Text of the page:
Business & Government

Viz Lab Graduate Gains International Recognition For 3-D Printed Fashion

June 12, 2017

Nhan makes dress
Rachel Nhan, 3-D fashion designer, prepares a dress for a runway show.
By Sarah Wilson, Texas A&M University College of Architecture

Futuristic bridal gowns, haute couture costumes and tech-inspired fashion accessories, all made with 3-D printers, have garnered international recognition for Rachel Nhan ’11, a Texas A&M Visualization graduate who designs and crafts plastic-plated costumes suggestive of avant-garde armor and sends them down runways worldwide.

Her dresses, with intertwining organic shapes, high feather collars and circuit board designs, are given spacey names like Entity, Nostroma and Topology. These otherworldly outfits are adorned with plastic 3-D printed pieces designed on computer programs like Maya and Rhino, and sewn into fabrics.

A New York City fashionista and Fashion Institute of Technology graduate, Nhan currently works as a designer at Victoria’s Secret. Her visually stunning, wearable art, created under her own name, has been featured in The New York Times, on Fox and CBS, and showcased at numerous technology and fashion exhibitions.

Nhan has had her 3-D printed clothing featured in a MAC Cosmetics Halloween ad campaign, designing apparel graphics for Aeropostale and Jack Spade and creating costuming for World Wrestling Entertainment.

She has also shown her dresses in Dusseldorf and Shanghai. This past January, along with pieces from her newest collection, her 3-D printed designs were showcased alongside other types of high-tech clothing at the BodyHackingCon Fashion Tech Show in Austin.

Model on runway in dress
Nhan’s Nostroma dress is modeled on a runway.

“Fashion has always been dependent on the newest technology of its time and this is our new frontier,” Nhan said in a New York Times article, where she spoke on American designers following behind other countries in embracing the trend of avant-garde, “unwearable” clothing.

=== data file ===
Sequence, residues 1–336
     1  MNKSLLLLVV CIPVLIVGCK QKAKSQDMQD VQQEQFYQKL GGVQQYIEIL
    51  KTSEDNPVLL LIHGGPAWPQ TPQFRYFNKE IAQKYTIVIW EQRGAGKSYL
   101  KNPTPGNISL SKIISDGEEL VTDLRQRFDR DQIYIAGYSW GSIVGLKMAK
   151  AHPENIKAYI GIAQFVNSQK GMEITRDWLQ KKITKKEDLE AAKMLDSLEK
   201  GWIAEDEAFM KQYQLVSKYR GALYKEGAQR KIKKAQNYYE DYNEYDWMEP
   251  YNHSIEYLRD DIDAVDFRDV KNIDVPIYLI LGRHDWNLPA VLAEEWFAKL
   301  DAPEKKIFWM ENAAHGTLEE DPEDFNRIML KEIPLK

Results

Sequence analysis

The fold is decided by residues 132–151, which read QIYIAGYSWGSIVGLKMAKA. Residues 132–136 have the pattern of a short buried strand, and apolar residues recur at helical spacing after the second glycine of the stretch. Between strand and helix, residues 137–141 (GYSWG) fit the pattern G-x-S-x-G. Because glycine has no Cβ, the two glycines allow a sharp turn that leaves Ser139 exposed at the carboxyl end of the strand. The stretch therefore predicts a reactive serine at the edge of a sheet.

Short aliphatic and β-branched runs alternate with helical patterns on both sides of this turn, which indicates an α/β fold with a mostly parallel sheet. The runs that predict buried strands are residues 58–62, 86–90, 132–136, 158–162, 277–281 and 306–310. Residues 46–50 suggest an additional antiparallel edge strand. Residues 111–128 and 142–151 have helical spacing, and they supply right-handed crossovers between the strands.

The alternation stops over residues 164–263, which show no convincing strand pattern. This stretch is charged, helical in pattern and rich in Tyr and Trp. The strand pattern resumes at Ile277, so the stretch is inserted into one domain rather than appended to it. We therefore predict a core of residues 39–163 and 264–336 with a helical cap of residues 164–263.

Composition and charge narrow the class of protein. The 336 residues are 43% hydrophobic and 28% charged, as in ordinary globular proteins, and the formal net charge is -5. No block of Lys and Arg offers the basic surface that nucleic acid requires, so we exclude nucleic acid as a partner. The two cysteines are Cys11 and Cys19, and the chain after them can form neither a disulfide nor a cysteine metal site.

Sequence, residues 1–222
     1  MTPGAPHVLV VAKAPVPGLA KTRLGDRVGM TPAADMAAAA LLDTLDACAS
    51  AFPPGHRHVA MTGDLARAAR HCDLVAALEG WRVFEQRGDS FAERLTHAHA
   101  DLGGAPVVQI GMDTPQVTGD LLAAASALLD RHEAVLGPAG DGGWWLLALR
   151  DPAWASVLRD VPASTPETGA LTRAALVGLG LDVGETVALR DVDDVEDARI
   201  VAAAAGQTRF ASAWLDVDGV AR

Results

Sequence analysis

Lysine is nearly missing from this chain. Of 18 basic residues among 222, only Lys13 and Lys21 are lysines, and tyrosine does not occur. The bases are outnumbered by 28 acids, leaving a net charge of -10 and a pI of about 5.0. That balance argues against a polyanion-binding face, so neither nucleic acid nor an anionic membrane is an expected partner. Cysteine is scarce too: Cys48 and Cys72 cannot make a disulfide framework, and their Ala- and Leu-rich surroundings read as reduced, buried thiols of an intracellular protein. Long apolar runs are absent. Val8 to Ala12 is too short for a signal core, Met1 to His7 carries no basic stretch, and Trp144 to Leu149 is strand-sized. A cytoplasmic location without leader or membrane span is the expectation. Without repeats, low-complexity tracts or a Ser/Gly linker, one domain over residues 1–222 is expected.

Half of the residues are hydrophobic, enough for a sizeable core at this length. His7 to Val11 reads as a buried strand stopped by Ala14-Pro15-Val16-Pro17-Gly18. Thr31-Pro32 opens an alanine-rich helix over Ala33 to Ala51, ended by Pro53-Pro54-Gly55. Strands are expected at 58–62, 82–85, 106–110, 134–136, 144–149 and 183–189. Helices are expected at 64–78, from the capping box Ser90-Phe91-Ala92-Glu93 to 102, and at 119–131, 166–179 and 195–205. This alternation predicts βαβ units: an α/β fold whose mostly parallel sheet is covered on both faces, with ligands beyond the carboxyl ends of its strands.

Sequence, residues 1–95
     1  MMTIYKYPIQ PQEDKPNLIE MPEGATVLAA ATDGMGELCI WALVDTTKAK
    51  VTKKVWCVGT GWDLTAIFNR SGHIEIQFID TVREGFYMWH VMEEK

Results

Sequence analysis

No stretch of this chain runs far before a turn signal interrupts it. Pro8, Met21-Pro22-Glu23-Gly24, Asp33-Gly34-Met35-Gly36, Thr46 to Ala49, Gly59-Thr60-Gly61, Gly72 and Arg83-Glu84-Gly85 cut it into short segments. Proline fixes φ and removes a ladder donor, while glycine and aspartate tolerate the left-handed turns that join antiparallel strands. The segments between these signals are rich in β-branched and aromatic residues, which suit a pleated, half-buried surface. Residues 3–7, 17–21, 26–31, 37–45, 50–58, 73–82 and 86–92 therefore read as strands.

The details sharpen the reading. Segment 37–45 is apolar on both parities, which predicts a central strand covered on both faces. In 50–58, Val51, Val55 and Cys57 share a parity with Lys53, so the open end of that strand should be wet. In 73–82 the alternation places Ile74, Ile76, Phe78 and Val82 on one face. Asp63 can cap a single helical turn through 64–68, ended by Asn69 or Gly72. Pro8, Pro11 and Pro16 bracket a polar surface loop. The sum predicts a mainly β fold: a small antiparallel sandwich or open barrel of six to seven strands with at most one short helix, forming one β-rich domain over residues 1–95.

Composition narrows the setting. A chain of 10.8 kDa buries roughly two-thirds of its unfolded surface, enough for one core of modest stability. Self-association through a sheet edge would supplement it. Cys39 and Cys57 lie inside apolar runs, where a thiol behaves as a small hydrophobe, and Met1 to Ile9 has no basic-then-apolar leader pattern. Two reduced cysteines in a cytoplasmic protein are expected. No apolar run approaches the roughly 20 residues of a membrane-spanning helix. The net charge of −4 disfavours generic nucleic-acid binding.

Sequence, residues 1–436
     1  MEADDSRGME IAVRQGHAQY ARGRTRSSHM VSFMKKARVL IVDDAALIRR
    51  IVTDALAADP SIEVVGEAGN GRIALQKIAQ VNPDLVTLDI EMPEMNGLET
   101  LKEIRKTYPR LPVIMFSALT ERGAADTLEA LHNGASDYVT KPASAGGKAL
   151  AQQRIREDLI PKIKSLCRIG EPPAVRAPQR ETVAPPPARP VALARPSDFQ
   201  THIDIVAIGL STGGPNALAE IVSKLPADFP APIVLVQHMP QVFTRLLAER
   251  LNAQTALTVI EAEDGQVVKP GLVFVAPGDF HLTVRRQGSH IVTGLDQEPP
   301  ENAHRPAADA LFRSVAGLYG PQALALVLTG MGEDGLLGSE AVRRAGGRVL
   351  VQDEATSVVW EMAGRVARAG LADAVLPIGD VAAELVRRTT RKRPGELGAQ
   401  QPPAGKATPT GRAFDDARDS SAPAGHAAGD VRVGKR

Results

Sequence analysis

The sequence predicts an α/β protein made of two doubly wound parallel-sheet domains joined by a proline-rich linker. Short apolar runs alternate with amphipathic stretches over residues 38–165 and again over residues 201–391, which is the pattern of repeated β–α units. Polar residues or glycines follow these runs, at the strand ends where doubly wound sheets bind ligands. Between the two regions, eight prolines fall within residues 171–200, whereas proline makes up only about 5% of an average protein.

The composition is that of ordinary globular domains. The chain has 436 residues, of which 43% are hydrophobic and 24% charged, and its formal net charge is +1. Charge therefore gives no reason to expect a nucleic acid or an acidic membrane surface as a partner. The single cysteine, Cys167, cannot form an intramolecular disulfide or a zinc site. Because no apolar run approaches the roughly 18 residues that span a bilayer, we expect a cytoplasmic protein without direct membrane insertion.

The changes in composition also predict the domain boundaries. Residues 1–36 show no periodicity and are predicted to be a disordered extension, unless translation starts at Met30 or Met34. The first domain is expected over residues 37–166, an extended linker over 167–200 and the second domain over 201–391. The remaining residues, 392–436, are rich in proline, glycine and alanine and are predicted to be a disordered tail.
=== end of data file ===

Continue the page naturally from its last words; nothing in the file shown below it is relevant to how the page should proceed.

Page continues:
Nhan’s most recent collection, Futura, features a 3-D printed chest piece, cuffs and a clutch made with circuit-board designs printed in clear plastic. When worn, these accessories create a spooky, futuristic illusion of circuits grafted to skin.

Continually inspired by modern technology, Nhan credits her skill in 3-D animation and computer programming to her Texas A&M education, where she earned a bachelor’s degree in visualization.

“I wanted to apply my technical background to wearable designs. I like to create garments that bring out otherworldly characters in their wearers,” she said, adding that most of her design inspiration comes from films. In fact, she initially aspired to work in character modeling and animated movie design.

Tim McLaughlin, head of the Department of Visualization, said Nhan is a shining example of the diverse career paths available to visualization students.

“She’s done something that was never a formal part of our curriculum, but she learned to push available technology to facilitate her creations,” he said. “She’s a young leader in this field because of how she was taught to think. We want our students to become fearless with technology and embrace whatever they need to execute their design ideas.”

Experimentation with new technologies is more assessable to today’s Texas A&M visualization students with the addition of the MakerPlace. A workshop designed to facilitate hands-on high-tech craftsmanship, the MakerPlace is outfitted with laser cutters and eight different 3-D printers, where today’s Nhans can realize their digital creations

“There’s a whole range of possibilities with the MakerPlace,” McLaughlin said. “Our approach is to create these sandboxes filled with tools and different kinds of hardware and machines for the students to create and play with.”


This story by Sarah Wilson originally appeared on ArchOne.

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